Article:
We ascertained the safety and efficacy of fluoride in augmenting spinal bone mass and reducing spinal fractures in older women with established osteoporosis. We compared a combination of sustained-release sodium fluoride, calcium citrate, and cholecalciferol (SR-NaF group) with calcium and cholecalciferol alone (control group).
Eighty-five ambulatory women aged 65 years or older with 1 or more nontraumatic vertebral compression fractures were enrolled in a 42-month randomized, double-blind, placebo-controlled trial. Primary outcome measures were vertebral fracture rate, bone mass, and safety.
The vertebral fracture rate determined by means of computer assistance in the SR-NaF group was significantly lower than that in the control group (relative risk [RR], 0.32; 95% confidence interval [CI], 0.14-0.73; P = .007). Results of visual adjudicated inspection also confirmed a significant reduction in fracture rate (RR, 0.40; 95% CI, 0.17-0.95; P = .04). Bone mineral density in L2 through L4 increased significantly from baseline in the SR-NaF group by 5.4% (95% CI, 2.7%-8.2%; P<.001), and by 3.2% in the control group (95% CI, 0.8%-5.6%; P = .01). The between-group differences in bone mineral density were not significant. The femoral neck and total hip bone mineral density remained stable in the SR-NaF group and was not significantly different from that of the control group. There were no significant differences in adverse effects between groups.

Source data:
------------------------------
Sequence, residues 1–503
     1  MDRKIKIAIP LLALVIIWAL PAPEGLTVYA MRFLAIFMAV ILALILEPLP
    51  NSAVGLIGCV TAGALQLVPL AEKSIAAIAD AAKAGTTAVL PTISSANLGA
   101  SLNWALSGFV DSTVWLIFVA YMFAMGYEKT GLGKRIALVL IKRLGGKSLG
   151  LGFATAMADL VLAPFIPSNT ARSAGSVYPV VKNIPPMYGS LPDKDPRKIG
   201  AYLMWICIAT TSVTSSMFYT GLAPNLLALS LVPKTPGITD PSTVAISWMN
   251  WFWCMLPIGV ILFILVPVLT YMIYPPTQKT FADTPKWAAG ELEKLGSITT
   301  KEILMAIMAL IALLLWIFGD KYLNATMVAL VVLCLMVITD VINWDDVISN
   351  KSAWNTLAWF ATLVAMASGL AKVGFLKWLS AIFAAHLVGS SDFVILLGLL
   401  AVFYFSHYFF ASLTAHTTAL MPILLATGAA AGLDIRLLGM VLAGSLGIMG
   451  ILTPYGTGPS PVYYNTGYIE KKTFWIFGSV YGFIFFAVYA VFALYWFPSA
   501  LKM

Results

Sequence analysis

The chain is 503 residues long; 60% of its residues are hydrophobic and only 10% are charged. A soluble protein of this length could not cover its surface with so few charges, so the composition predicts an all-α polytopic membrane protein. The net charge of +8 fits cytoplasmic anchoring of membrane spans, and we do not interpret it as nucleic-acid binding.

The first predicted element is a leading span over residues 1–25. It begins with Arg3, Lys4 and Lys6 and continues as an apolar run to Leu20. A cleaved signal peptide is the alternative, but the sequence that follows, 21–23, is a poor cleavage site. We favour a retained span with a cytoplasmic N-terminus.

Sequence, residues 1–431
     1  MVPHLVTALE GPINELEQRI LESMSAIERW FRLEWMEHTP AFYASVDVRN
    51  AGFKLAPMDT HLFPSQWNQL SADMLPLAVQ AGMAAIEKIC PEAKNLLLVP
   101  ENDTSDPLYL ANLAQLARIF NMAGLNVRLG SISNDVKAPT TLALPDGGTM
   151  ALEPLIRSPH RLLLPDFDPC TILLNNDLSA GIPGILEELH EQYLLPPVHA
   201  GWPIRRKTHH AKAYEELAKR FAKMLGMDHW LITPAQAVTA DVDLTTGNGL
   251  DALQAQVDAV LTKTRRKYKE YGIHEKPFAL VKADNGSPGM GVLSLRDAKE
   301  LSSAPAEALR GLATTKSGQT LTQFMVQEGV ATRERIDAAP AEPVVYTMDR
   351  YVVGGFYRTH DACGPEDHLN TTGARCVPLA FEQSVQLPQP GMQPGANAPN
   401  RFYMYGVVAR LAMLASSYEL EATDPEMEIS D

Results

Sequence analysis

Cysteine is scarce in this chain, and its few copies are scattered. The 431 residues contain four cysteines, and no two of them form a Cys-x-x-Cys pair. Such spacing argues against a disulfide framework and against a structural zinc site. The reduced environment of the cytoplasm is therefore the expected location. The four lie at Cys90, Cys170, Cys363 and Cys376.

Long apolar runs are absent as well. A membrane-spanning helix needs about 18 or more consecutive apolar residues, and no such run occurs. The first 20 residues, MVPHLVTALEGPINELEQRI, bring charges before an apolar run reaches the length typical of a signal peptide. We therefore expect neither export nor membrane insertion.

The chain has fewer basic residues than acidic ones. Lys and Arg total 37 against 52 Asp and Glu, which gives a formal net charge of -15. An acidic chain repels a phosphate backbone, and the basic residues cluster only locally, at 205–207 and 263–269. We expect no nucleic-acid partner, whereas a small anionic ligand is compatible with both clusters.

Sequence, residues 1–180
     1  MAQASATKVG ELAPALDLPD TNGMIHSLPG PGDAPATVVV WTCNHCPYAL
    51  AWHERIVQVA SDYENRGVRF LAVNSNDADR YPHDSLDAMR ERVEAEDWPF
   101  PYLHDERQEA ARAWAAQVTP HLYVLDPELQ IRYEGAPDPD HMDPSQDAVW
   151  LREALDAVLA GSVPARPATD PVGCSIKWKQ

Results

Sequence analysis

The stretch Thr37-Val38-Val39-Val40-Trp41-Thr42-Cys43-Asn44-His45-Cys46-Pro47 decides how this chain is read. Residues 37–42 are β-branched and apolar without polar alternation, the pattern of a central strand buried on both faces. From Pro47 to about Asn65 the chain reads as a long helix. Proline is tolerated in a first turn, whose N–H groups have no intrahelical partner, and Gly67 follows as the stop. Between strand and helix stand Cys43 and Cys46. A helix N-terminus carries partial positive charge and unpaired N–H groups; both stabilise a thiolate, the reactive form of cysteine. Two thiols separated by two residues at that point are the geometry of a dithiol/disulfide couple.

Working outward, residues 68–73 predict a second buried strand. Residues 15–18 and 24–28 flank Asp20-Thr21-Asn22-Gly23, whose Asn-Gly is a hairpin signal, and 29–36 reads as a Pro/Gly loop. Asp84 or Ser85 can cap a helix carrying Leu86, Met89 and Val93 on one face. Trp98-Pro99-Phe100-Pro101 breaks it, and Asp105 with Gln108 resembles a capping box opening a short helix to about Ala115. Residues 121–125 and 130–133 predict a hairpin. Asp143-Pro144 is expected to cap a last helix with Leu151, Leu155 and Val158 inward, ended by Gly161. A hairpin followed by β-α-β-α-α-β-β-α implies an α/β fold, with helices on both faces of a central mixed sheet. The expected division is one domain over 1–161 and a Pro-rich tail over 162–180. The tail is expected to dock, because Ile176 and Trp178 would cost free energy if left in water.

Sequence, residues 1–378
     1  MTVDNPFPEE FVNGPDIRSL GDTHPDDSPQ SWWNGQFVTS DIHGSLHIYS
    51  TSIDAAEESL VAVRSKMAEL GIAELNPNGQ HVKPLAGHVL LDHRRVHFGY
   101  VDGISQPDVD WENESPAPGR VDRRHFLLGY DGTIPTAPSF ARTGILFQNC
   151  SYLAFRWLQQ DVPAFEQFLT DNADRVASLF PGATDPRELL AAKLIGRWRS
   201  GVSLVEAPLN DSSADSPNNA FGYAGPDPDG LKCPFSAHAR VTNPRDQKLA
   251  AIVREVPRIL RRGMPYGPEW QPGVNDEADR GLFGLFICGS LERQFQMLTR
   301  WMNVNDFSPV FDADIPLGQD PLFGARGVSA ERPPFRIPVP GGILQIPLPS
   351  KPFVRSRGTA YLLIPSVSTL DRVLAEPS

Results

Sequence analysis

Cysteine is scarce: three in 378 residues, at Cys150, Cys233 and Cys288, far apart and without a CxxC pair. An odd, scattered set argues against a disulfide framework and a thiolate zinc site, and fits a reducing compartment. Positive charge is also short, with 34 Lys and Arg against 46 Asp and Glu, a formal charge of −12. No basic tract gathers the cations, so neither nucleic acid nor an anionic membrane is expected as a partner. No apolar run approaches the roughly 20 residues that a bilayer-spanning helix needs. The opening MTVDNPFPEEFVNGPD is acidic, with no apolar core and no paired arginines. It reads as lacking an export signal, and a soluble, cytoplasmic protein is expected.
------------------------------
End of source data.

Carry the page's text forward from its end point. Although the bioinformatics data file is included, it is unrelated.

The SR-NaF group significantly decreased the risk for vertebral fractures and increased spinal bone mass without reducing bone mass at the femoral neck and total hip.